Below, you will see an example of how FIGs might be located on a couple of floors in a specific hall and nested within a larger TLC (or more rarely, in a GLC). See the residence hall pages for more information.
- Are composed of 15 to 20 first-year students and a Peer Advisor (PA), with rooms assigned close together on the same floor or adjacent floors;
- Are thematically focused on one specific major, academic interest or common learning theme;
- Require that students take several general education classes together during the fall semester based on the FIG theme;
- Can request co-enrollment for Spring semester (not required);
- Require a one-credit-hour FIG Seminar class during the Fall semester that is instructed by the Peer Advisor and Academic Co-Facilitator (faculty and staff);
- Require a genuine interest in the academic theme of the FIG, and are not appropriate to choose based on hall amenities or just to obtain a space;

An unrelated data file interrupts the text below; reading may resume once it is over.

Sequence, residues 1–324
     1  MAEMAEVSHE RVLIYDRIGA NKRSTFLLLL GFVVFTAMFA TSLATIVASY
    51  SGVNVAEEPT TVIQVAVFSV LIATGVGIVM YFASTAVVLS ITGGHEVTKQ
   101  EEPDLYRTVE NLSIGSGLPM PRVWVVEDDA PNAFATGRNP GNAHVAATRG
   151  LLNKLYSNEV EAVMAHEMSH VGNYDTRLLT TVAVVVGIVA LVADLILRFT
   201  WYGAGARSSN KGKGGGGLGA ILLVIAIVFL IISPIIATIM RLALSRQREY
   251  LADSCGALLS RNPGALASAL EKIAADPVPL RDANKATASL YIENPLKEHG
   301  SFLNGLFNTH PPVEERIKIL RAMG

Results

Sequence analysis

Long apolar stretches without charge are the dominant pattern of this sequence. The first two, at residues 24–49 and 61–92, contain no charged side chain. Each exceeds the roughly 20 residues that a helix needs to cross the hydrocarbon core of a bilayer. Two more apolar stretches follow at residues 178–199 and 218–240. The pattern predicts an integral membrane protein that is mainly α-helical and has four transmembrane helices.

- Provide structure to balance academic and social commitments;
- Have group learning assignments and activities;
- Some FIGs have restrictions for admittance or require specific scores on the ALEKS math placement exam or both;
- Require that requested roommates are also enrolled in the FIG and must also meet specific ALEKS scores and restrictions;
- Are part of a larger Thematic or General Learning Community.
FIGs make up 32% of all spaces in the residence halls. They require a genuine interest in the FIG topic, so don't pick them just to "get a room." If you have a Housing and Dining Contract, you'll have a space with us!!
Below: FIG students spend a lot of time in class learning from each other. General education classes shared by FIG students can be large lecture classes, so you won't be limited to JUST your FIG friends - but it's handy to have a roommate heading to the same class as you!
Right: Students in FIGs often get more of an opportunity to interact with professors, upper level students and people in the community who share their passions. The Engineering BBQ with professors during the first week of classes is just one example of this.
Questions about FIGs
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